Early stage somatic embryos were collected after 10 to 14 days and matured on modified ˝ LV maturation medium as described in Example 6. Results are shown in Table 7.

TABLE 7
Tissue and somatic embryo yield.
Grams FW at the end of
Carbon source proliferation stage (from 1.5 g) # SE/g FW ± sd
Sucrose 11.05 ± 2 213.3 ± 6 
Galactose  9.5 ± 2 405.3 ± 10

Tissue growth increased more than 5 times when galactose was used as a carbon source and the number of mature somatic embryos at the end of maturation was doubled.

Examples Assessing Douglas Fir Somatic Embryogenesis

The culture medium for Douglas fir was TX medium (see Table A) with the following additives: glutamine 100 mg., Casein hydrolysate 100 mg., and pH 5.8. The following compounds were added into the basal medium for Douglas fir somatic embryo development at different stages:

  • 1) Induction medium: 18 μM 2,4-D and 9 μM BA, phytagel 0.28%, sucrose 1%
  • 2) Solid maintenance medium: 9 μM 2,4-D and 4.5 μM BA, phytagel 0.28%, sucrose 1%.
  • 3) Liquid maintenance and bulking-up medium: 9 μM 2,4-D and 4.5 μM BA, different carbon sources for experiments.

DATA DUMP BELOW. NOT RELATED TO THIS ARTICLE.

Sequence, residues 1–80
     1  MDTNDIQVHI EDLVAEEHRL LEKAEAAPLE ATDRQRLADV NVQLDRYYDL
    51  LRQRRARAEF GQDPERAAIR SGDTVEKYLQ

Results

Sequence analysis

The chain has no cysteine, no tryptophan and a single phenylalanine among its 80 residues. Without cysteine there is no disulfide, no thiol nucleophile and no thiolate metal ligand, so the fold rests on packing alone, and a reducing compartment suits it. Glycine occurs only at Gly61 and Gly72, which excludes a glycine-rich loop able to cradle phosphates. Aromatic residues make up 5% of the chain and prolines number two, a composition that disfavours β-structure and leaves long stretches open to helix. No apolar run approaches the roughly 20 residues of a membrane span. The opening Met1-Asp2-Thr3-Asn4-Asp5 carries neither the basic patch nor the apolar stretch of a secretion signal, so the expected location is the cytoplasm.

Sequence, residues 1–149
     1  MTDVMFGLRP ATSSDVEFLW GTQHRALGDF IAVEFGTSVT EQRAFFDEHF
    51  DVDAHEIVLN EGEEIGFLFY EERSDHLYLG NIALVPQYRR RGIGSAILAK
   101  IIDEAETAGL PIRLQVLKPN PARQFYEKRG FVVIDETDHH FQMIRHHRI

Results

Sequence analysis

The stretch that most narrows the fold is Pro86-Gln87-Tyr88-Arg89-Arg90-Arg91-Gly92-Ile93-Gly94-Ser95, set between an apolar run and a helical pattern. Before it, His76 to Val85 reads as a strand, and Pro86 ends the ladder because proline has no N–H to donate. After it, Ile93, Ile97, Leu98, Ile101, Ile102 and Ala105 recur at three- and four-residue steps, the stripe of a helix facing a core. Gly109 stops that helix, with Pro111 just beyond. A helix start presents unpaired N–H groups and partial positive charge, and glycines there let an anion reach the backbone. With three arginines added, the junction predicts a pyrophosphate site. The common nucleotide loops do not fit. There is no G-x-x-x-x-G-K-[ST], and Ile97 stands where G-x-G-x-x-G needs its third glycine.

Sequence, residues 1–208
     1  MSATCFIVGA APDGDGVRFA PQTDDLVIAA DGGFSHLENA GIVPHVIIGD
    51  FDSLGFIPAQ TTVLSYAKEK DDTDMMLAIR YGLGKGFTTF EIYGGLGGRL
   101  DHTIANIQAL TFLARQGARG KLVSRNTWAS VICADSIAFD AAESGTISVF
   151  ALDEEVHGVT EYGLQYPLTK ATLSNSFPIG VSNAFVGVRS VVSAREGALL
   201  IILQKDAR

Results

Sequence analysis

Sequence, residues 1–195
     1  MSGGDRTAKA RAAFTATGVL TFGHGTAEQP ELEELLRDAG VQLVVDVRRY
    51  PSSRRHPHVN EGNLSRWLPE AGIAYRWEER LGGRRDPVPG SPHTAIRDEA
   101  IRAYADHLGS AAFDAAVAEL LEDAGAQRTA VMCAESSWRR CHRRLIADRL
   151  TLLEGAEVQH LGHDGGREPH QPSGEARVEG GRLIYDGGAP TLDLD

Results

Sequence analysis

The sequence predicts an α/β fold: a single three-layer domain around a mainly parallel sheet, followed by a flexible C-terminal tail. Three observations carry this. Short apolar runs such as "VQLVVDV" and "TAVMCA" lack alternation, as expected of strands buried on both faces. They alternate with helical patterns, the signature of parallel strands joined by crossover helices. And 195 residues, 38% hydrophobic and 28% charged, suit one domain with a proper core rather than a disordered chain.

• 4) Liquid pre-treatment medium: 20 (first week) or 30 μM ABA (second week), 10% PEG4000 (first week) or PEG1500 (second week), different carbon sources as described in examples below.
  • 5) Solid maturation media: TX (Table A) plus 0.02% NH4NO3
    • Medium I. 40 μM ABA, 10% PEG 1500, maltose 2.5%, phytagel 0.6%
    • Medium II. 60 μM ABA, 10% PEG1500, maltose 2.5% and sucrose 1%, phytagel 0.8%
    • Medium III. 70 μM ABA, 6% PEG1500, sucrose 6%, phytagel 1%.

Embryogenic tissue was induced from immature zygotic embryos. The cones and seeds were surface-sterilised as described for pines, and embryos were dissected out from megagametophytes. The embryos, with the attachment of suspensors to their megagametophytes, were placed on the surface of induction medium. The culture was kept in darkness at 23° C. Embryogenic tissue was sub-cultured once every two weeks onto solid maintenance medium.